As all the major Asian economies move towards high-value goods and services many argue Africa is presented with a golden opportunity to become the next light-manufacturing hub. Ethiopia – a prime example – has successfully replicated the model by using industrial parks to create commercially viable export-orientated textile industries. Ethiopia was the world’s fastest growing economy in 2017. Elsewhere industrial parks are being rolled out across Africa with mixed successes.
The future economy
While Ethiopia’s success is enviable, the growth reflected in GDP is not necessarily reflective of per capita gains and may be better linked to hugely successful public-led companies like Ethiopia Airlines and Ethio Telecom than any export-orientated industry. Moreover African governments, including Ethiopia, must ask themselves if exporting lightly manufactured goods is viable in today’s global economy, where the market is vastly different from that which faced South Korea in the late 20th century.
Speaking at the AfDB conference Jim Yong Kim, president of the World Bank Group, argued that Africa’s desire to replicate the South Korea model is based on a number of assumptions that may not necessarily hold true. The assumption is that big businesses will come to Africa in search of cheap labour to manufacture goods now that the Asian market has moved onto higher-end goods. Yet with the advent of technology and more specifically robots the idea that human hands are needed in light manufacturing is being called into question. Asia may in fact use technology to remain a light-manufacturing hub and Africa will then be unable to compete.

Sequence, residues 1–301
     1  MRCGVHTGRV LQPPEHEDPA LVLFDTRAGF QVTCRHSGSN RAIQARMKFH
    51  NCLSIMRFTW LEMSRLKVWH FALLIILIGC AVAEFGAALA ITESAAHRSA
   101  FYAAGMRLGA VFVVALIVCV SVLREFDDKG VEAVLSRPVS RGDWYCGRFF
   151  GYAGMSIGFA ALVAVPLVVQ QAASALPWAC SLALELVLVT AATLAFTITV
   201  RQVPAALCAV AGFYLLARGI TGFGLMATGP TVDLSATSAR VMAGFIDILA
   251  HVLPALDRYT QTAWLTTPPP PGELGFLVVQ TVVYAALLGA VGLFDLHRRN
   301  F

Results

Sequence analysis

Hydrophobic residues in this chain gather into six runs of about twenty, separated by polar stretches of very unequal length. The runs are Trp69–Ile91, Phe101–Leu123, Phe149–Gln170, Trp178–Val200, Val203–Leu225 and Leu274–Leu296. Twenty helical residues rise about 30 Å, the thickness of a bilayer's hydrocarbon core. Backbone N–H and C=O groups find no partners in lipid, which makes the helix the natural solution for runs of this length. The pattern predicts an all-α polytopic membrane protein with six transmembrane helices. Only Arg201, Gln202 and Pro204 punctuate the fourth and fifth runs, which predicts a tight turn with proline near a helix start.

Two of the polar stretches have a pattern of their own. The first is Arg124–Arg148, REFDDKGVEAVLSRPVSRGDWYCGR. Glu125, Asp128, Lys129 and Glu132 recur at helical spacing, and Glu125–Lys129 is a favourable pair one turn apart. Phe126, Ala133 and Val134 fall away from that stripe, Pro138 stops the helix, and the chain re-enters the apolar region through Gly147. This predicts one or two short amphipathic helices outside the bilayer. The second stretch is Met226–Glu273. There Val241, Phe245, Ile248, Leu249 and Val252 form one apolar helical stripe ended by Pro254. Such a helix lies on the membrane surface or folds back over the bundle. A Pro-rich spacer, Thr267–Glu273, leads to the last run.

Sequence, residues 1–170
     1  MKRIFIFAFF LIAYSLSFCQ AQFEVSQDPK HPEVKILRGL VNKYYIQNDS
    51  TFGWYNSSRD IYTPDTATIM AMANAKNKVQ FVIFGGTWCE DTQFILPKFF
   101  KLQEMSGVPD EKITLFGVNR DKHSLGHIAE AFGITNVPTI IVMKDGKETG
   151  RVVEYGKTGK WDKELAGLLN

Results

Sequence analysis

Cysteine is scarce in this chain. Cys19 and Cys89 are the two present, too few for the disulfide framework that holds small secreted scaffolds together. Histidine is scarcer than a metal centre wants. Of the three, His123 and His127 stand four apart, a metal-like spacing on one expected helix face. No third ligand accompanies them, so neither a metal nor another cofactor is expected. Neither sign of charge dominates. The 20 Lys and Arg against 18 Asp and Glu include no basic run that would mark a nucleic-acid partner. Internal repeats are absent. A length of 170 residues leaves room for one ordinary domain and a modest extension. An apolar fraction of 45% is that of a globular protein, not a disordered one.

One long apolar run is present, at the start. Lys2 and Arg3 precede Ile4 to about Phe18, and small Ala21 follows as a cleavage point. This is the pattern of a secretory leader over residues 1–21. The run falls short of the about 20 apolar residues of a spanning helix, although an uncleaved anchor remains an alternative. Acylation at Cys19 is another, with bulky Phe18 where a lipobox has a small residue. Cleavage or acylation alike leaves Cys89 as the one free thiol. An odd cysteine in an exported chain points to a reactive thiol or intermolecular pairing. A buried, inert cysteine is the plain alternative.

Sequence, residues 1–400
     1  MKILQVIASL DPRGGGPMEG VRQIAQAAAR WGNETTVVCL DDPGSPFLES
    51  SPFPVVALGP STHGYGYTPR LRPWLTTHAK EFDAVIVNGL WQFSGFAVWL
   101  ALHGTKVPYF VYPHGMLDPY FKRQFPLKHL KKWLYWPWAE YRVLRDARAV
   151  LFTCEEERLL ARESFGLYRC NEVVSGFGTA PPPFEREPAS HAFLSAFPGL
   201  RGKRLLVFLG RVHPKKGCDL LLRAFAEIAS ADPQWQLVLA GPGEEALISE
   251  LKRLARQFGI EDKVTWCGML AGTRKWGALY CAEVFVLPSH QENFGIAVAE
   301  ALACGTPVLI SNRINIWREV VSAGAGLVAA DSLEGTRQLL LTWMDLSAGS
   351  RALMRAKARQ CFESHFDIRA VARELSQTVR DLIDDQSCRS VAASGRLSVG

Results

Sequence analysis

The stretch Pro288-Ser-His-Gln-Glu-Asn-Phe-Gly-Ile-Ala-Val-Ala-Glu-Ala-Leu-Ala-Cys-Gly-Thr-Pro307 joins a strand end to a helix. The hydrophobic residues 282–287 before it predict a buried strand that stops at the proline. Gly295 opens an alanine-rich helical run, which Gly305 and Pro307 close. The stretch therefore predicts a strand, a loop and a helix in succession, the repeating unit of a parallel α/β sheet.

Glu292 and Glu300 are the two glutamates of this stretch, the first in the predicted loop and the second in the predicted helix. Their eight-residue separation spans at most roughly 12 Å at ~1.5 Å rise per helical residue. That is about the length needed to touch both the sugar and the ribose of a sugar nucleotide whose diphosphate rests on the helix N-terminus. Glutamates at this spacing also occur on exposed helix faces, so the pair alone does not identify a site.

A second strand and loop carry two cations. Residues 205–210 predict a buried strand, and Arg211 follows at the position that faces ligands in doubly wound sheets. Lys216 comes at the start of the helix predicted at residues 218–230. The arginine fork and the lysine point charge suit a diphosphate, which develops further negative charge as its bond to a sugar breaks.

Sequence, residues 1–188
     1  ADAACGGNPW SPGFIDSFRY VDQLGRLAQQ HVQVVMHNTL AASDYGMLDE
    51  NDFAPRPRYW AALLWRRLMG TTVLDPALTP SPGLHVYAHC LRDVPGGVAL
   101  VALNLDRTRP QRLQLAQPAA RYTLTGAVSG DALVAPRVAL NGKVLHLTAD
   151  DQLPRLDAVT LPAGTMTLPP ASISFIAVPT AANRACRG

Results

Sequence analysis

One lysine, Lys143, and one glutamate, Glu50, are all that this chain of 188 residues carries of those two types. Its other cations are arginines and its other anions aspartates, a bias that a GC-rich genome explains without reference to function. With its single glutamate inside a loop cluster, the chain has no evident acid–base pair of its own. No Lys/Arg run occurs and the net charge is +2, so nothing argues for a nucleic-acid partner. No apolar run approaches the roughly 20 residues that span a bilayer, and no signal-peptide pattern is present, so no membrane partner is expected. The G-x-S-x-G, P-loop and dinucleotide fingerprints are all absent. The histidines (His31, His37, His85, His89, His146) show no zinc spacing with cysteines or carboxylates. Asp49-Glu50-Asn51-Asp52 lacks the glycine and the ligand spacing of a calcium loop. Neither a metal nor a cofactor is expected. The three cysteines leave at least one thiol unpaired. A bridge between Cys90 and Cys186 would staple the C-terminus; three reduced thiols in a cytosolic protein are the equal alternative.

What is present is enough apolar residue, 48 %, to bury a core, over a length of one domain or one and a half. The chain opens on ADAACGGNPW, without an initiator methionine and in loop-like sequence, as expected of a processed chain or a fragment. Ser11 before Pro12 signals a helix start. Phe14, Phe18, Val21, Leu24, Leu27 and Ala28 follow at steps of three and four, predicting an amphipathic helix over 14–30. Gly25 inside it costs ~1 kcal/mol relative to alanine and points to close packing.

“What we are seeing is a dramatic re-shoring of industry,” said Kim in his opening address. In this context the World Bank President queried the viability of Africa adopting the model. “Is the path that Korea took available to African countries? So much evidence says it’s not, so much evidence suggests that technology will fundamentally change the paths to economic development that are available.”
Invest in people, not things
Kim, a South Korean citizen, pushed back on the idea that South Korea’s development was achieved solely through industrialisation and suggests that investing in education and healthcare – in people – was the most important element. Kim argued that instead of investing heavily in industry and infrastructure to try and create globally competitive goods Africa should invest in its people, who then have the capacity to adapt to the idiosyncrasies of today’s market.
“African countries say we’ll go rich first by becoming industrialised and then we will focus on our people,” he said. “That’s exactly the opposite of South Korea. They took the strategy of saying we don’t know what the economy of the future will look like so we will invest in our people.”
Boosting infrastructure and industry is fine, he said, but it should be left to the private sector so that the huge disparities in African government’s budgets between education and healthcare and infrastructure and industry are reversed. Indeed, according to a study by the World Bank “the connection between better education and healthcare and economic growth is far stronger than we had imagined,” he said.
Interestingly, South Korea has a minister for the future economy, based on the understanding that what was once commercially viable and globally competitive may no longer hold in the future. By investing heavily in human capital Kim argues that African governments will secure competitive advantage no matter what the future economy looks like.